Code of Federal Regulations, 2013 CFR

    2013-10-01

    ... and Air Navigation Aids (Short Title: SCATANA). 87.395 Section 87.395 Telecommunication FEDERAL... Communications § 87.395 Plan for the Security Control of Air Traffic and Air Navigation Aids (Short Title: SCATANA). (a) The Plan for the Security Control of Air Traffic and Air Navigation Aids (SCATANA)...

  19. Cloud-based large-scale air traffic flow optimization

    NASA Astrophysics Data System (ADS)

    Cao, Yi

    The ever-increasing traffic demand makes the efficient use of airspace an imperative mission, and this paper presents an effort in response to this call. Firstly, a new aggregate model, called Link Transmission Model (LTM), is proposed, which models the nationwide traffic as a network of flight routes identified by origin-destination pairs. The traversal time of a flight route is assumed to be the mode of distribution of historical flight records, and the mode is estimated by using Kernel Density Estimation. As this simplification abstracts away physical trajectory details, the complexity of modeling is drastically decreased, resulting in efficient traffic forecasting. The predicative capability of LTM is validated against recorded traffic data. Secondly, a nationwide traffic flow optimization problem with airport and en route capacity constraints is formulated based on LTM. The optimization problem aims at alleviating traffic congestions with minimal global delays. This problem is intractable due to millions of variables. A dual decomposition method is applied to decompose the large-scale problem such that the subproblems are solvable. However, the whole problem is still computational expensive to solve since each subproblem is an smaller integer programming problem that pursues integer solutions. Solving an integer programing problem is known to be far more time-consuming than solving its linear relaxation. In addition, sequential execution on a standalone computer leads to linear runtime increase when the problem size increases. To address the computational efficiency problem, a parallel computing framework is designed which accommodates concurrent executions via multithreading programming. The multithreaded version is compared with its monolithic version to show decreased runtime. Finally, an open-source cloud computing framework, Hadoop MapReduce, is employed for better scalability and reliability. This framework is an "off-the-shelf" parallel computing model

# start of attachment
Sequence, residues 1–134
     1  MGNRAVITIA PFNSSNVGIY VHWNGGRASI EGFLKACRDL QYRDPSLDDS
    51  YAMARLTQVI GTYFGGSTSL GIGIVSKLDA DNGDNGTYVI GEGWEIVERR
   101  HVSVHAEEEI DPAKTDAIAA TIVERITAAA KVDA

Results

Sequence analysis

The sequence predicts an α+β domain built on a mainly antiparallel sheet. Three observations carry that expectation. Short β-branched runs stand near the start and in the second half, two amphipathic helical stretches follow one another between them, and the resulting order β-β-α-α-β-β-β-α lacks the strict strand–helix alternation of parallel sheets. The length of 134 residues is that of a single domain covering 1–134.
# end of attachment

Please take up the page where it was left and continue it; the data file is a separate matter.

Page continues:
20. 77 FR 19076 - High Density Traffic Airports; Notice of Determination Regarding Low Demand Periods at Ronald...

    Federal Register 2010, 2011, 2012, 2013, 2014

    2012-03-30

    ...\\ 33 FR 17896 (Dec. 3, 1968). In 1985, the FAA issued part 93 subpart S (the ``Buy/Sell Rule'').\\2\\ As... the 0600 hour is not a low demand period.\\3\\ \\2\\ 50 FR 52195 (Dec. 20, 1985). \\3\\ 76 FR 58393 (Sept... Federal Aviation Administration 14 CFR Part 93 High Density Traffic Airports; Notice of...

  1. How Travel Demand Affects Detection of Non-Recurrent Traffic Congestion on Urban Road Networks

    NASA Astrophysics Data System (ADS)

    Anbaroglu, B.; Heydecker, B.; Cheng, T.

    2016-06-01

    Occurrence of non-recurrent traffic congestion hinders the economic activity of a city, as travellers could miss appointments or be late for work or important meetings. Similarly, for shippers, unexpected delays may disrupt just-in-time delivery and manufacturing processes, which could lose them payment. Consequently, research on non-recurrent congestion detection on urban road networks has recently gained attention. By analysing large amounts of traffic data collected on a daily basis, traffic operation centres can improve their methods to detect non-recurrent congestion rapidly and then revise their existing plans to mitigate its effects. Space-time clusters of high link journey time estimates correspond to non-recurrent congestion events. Existing research, however, has not considered the effect of travel demand on the effectiveness of non-recurrent congestion detection methods. Therefore, this paper investigates how travel demand affects detection of non-recurrent traffic congestion detection on urban road networks. Travel demand has been classified into three categories as low, normal and high. The experiments are carried out on London's urban road network, and the results demonstrate the necessity to adjust the relative importance of the component evaluation criteria depending on the travel demand level.

  2. Future traffic demands and characteristics from a media perspective.

    PubMed

    Chambers, C J

    2016-03-01